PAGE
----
Sovereignty can be defined in many ways and applied to many things. At its core, sovereignty is the authority to make decisions. An example of sovereignty that you’re probably familiar with is tribal sovereignty, which refers to the inherent power that tribes have to govern themselves. In other words, all tribes have the right to make their own decisions, and this right isn’t something that can be given or taken away.

Since there isn’t one definition of sovereignty that is agreed upon, every tribe has to decide what sovereignty means to them. Vine Deloria, a Hunkpapa Lakota ancestor and the author of Custer Died For Your Sins, defined sovereignty as a social and cultural way to establish and protect community. He believed that sovereignty preserves our identities as Indigenous people.

When it comes to body sovereignty, we as individuals also have to decide what it means to us. How I think about and express body sovereignty is similar to Vine Deloria’s definition, even though he was talking about tribal sovereignty. I feel that I have sovereignty over my body when I am able to express my identity as an Indigenous person, a queer person, a 2-Spirit person, and a disabled person without judgment, limitations, or fear. When we experience marginalization because of our identity – meaning that we’re treated as less than – our body sovereignty can come under attack. Just like our tribal nations fight against governments that refuse to recognize tribal sovereignty, we as queer Indigenous people often find ourselves in situations where we have to fight for our body sovereignty to be respected.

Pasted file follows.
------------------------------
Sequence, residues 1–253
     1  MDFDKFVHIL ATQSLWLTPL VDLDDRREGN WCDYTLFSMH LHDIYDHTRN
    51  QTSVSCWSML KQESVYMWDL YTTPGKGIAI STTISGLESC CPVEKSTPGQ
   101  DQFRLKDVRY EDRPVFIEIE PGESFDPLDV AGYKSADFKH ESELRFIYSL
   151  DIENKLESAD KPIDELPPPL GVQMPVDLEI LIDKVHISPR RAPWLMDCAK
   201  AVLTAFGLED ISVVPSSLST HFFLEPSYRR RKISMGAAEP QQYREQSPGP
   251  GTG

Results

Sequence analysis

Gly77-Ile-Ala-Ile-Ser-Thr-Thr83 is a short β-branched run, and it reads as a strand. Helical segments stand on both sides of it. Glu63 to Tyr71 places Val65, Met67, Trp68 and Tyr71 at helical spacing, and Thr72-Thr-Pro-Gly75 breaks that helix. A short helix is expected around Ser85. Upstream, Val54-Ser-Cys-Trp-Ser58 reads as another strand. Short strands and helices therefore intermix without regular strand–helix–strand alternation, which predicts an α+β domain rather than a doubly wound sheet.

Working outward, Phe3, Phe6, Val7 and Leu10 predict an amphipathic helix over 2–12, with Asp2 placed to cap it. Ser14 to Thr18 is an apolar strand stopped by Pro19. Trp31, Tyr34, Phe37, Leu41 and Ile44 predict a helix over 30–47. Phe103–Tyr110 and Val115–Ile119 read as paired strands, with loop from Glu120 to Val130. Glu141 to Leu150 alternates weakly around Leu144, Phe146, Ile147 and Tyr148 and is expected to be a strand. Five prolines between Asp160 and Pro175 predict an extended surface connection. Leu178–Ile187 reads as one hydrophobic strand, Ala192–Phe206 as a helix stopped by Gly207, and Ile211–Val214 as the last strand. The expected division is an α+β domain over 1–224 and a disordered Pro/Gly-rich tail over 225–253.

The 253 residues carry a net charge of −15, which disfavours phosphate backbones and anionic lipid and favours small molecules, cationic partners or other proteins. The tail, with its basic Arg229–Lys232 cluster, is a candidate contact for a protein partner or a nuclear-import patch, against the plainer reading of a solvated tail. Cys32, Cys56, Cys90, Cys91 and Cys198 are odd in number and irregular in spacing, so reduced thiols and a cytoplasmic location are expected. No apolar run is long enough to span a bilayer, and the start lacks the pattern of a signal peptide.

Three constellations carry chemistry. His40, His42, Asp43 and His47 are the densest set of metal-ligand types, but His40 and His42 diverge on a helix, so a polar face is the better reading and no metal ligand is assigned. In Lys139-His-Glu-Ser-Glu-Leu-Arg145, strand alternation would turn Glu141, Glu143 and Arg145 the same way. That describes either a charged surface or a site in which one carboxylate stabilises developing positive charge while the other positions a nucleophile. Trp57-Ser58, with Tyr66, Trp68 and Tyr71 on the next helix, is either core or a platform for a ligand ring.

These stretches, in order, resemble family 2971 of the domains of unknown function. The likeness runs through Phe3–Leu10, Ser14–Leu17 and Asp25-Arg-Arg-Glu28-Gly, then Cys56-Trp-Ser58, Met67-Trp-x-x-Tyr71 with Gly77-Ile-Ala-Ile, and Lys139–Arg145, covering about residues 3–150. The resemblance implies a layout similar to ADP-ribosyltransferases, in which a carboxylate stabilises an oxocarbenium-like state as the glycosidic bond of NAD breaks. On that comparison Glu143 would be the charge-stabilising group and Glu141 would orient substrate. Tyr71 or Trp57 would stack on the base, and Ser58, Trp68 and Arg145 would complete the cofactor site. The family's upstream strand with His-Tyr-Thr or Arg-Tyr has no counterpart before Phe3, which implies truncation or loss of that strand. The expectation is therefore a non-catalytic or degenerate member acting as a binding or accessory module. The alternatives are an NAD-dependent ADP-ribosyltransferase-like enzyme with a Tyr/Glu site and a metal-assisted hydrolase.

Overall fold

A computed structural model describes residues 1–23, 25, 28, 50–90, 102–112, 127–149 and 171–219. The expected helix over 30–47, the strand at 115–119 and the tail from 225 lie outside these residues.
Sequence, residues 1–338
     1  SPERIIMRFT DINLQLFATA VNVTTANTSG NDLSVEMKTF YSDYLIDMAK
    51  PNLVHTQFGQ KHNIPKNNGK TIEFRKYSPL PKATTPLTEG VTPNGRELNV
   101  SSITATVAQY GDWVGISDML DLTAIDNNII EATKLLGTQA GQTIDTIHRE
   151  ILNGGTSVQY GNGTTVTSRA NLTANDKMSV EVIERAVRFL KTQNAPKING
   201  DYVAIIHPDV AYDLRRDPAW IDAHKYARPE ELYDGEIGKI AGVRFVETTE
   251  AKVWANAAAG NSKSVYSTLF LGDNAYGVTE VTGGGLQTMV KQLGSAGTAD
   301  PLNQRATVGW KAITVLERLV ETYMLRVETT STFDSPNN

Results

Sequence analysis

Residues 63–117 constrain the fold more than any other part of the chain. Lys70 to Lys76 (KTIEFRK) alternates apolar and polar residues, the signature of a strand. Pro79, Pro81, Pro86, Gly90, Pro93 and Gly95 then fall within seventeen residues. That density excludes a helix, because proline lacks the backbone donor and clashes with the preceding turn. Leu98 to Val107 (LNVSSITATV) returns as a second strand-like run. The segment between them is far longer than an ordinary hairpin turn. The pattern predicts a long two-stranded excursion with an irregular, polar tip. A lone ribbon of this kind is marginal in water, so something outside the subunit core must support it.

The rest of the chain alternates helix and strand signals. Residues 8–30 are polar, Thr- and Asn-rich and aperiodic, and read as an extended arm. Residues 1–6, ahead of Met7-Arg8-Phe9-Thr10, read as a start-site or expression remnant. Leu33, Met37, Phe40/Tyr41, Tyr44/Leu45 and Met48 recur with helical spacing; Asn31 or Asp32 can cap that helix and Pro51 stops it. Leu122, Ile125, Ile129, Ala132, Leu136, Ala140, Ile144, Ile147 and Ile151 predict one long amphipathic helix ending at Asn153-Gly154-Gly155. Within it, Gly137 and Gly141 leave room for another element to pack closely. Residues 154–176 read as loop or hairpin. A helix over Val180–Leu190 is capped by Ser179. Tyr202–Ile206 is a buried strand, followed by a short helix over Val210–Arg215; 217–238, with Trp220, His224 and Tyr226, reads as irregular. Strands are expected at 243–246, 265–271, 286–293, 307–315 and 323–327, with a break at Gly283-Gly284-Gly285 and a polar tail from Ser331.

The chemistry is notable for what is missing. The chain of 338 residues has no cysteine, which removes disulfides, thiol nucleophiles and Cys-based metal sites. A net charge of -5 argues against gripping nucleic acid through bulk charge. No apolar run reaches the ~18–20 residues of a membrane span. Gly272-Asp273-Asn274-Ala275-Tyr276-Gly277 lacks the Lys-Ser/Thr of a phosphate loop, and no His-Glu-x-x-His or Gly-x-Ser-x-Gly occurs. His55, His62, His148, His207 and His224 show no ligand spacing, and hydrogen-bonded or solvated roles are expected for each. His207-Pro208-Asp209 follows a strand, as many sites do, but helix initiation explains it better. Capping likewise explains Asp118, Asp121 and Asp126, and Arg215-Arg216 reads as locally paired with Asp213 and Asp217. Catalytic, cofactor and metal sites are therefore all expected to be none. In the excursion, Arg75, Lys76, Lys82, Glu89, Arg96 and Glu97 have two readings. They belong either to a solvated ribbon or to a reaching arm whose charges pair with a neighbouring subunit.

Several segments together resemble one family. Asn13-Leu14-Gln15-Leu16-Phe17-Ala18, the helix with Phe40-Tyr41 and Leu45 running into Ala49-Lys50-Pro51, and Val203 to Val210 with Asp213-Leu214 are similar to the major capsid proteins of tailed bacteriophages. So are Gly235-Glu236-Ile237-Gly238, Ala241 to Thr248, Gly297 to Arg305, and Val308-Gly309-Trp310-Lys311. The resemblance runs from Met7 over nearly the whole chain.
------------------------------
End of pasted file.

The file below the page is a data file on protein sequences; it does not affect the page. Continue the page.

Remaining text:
Affirming and Reclaiming Our Body Sovereignty

We all simultaneously have body sovereignty and have to navigate a world that refuses to respect our body sovereignty. Our bodies are often political sites that are subjected to laws, criticism, and policing. We aren’t able to have sovereignty when we are told what we can and can’t do with our bodies. At the beginning of this article, I mentioned gender-affirming healthcare and safe abortions as two topics that are connected to body sovereignty. There have been laws passed recently in the United States that restrict our access to these rights and take away options for how we take care of our bodies. This is an example of how our body sovereignty is being denied by others’ decisions.

Being denied body sovereignty can be violent, traumatic, and scary. It’s overwhelming to think about all of the ways that our body sovereignty is being limited. We’re left wondering how we can reclaim our body sovereignty in the face of so much harm. And, there isn’t one easy answer. In the same way that we define what body sovereignty means to ourselves, we also have to explore what reclaiming body sovereignty looks like for ourselves.

I believe that reclaiming our body sovereignty can be done through everyday acts that validate who we are and honor our needs. Some things I do to help me reclaim my body sovereignty include: